Yes, it actually is sexy. The opening track from the mainly excellent Ambient Dub Vol.1, the album that documented the scene around Birmingham’s Oscillate club, it encapsulates a world of beanbags, 360º lightshows, ‘smart drugs’ and ‘brain machines’ – but it is also shot through with the sensualism that came with lying around very high on ecstasy, acid and weed. It’s all about the pitch-bend: the warm sub-bass glissandos, the soul vocals pitched down into androgynous moans, the Radiophonic analogue swoops all give a sense of being in that state of reduced gravity existence, of things swerving and merging into one another, of lazy, easy physicality. Original Rockers made other great tunes, notably the international dub-house hit “Push Push”, and later did alright with their rather jolly Rockers Hi Fi tunes, but this remains their masterpiece. I actually played it in the small hours in a large festival tent last year in a rave slowdance moment, and the way couples moved closer showed that it still has the same charge it did two decades ago.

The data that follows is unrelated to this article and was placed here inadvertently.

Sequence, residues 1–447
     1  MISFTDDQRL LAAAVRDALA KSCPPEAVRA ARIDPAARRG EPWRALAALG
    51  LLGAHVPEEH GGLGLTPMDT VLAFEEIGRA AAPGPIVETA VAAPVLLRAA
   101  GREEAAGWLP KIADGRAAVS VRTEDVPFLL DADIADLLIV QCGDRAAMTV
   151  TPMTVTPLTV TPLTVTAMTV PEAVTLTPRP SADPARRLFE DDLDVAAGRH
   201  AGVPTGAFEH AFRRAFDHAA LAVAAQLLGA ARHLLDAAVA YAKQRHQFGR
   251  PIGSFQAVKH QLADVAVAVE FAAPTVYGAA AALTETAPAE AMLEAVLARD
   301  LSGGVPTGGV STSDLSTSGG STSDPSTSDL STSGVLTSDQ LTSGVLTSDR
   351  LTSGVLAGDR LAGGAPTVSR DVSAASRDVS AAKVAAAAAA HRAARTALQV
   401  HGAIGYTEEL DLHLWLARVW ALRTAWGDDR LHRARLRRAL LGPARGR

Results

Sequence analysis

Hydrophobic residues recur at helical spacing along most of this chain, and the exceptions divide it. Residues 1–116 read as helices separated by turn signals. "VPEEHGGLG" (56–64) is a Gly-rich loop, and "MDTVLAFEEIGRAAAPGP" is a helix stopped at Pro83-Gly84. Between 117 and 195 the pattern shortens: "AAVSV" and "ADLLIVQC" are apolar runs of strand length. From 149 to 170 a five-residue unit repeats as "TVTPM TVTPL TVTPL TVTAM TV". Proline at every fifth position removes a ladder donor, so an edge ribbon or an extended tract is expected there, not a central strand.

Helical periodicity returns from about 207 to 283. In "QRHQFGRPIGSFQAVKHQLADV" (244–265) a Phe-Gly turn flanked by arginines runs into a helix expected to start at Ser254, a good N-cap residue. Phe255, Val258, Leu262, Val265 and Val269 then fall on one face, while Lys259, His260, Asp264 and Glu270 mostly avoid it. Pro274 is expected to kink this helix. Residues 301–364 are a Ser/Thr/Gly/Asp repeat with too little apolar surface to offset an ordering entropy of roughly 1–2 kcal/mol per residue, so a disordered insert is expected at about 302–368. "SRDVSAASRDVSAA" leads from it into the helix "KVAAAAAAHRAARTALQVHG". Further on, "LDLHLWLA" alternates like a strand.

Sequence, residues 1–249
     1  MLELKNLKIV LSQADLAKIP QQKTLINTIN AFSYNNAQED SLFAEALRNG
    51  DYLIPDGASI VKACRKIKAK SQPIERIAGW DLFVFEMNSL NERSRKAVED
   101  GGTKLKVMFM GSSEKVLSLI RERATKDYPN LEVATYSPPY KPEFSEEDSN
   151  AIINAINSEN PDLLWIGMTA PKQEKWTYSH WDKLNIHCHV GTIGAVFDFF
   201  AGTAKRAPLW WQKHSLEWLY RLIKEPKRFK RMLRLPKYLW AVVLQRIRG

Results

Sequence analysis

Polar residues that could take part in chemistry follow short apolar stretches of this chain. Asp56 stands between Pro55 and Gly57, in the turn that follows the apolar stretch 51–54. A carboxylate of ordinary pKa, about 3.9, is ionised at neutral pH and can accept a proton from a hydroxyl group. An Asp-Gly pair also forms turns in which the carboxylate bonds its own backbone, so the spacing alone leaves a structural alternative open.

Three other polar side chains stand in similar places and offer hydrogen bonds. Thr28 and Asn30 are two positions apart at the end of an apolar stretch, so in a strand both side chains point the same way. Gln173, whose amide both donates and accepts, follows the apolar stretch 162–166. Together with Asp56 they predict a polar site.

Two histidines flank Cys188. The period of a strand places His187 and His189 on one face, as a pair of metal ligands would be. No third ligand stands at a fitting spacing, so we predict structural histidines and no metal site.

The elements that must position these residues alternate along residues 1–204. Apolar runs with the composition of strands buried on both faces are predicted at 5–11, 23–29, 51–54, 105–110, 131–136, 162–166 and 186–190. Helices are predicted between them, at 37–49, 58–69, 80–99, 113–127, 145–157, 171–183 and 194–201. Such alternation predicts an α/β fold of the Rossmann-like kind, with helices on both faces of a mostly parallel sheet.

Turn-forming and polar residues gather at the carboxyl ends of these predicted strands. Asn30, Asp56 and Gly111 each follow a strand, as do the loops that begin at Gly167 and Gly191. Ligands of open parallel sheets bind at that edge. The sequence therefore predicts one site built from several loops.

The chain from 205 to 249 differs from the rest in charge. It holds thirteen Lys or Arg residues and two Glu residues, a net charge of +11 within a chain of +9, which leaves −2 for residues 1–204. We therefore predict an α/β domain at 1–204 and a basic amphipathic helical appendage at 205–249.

Bandulu “Run Run” (1994) 

Another sultry slow-motion one, not a million miles from the Original Rockers track – but this, with its “run run run/revolution come” call to arms also captured that moment around the Criminal Justice Act when there were explicitly political stirrings in underground music. Bandulu had always been an interesting act: rooted in hip hop, graffiti and b-boying, full of London rave attitude to their performances, able to mix it in the most uncompromising techno sweat-pits like Club UK and The Orbit, but tied to the indie-Balearic axis around Creation records, and happy playing at the hippiefied likes of Club Dog too. There was more spirit to them than most and a thoroughly rebellious streak to their output – but this captures that never-resolved tension between believing what we were doing was subversive and revolutionary and the hedonistic desire to lie back, space out and lose ourselves. Listened to from one angle it’s about confidence in the inevitability of transformation; from another it’s the sound of the revolution dissipating in clouds of smoke.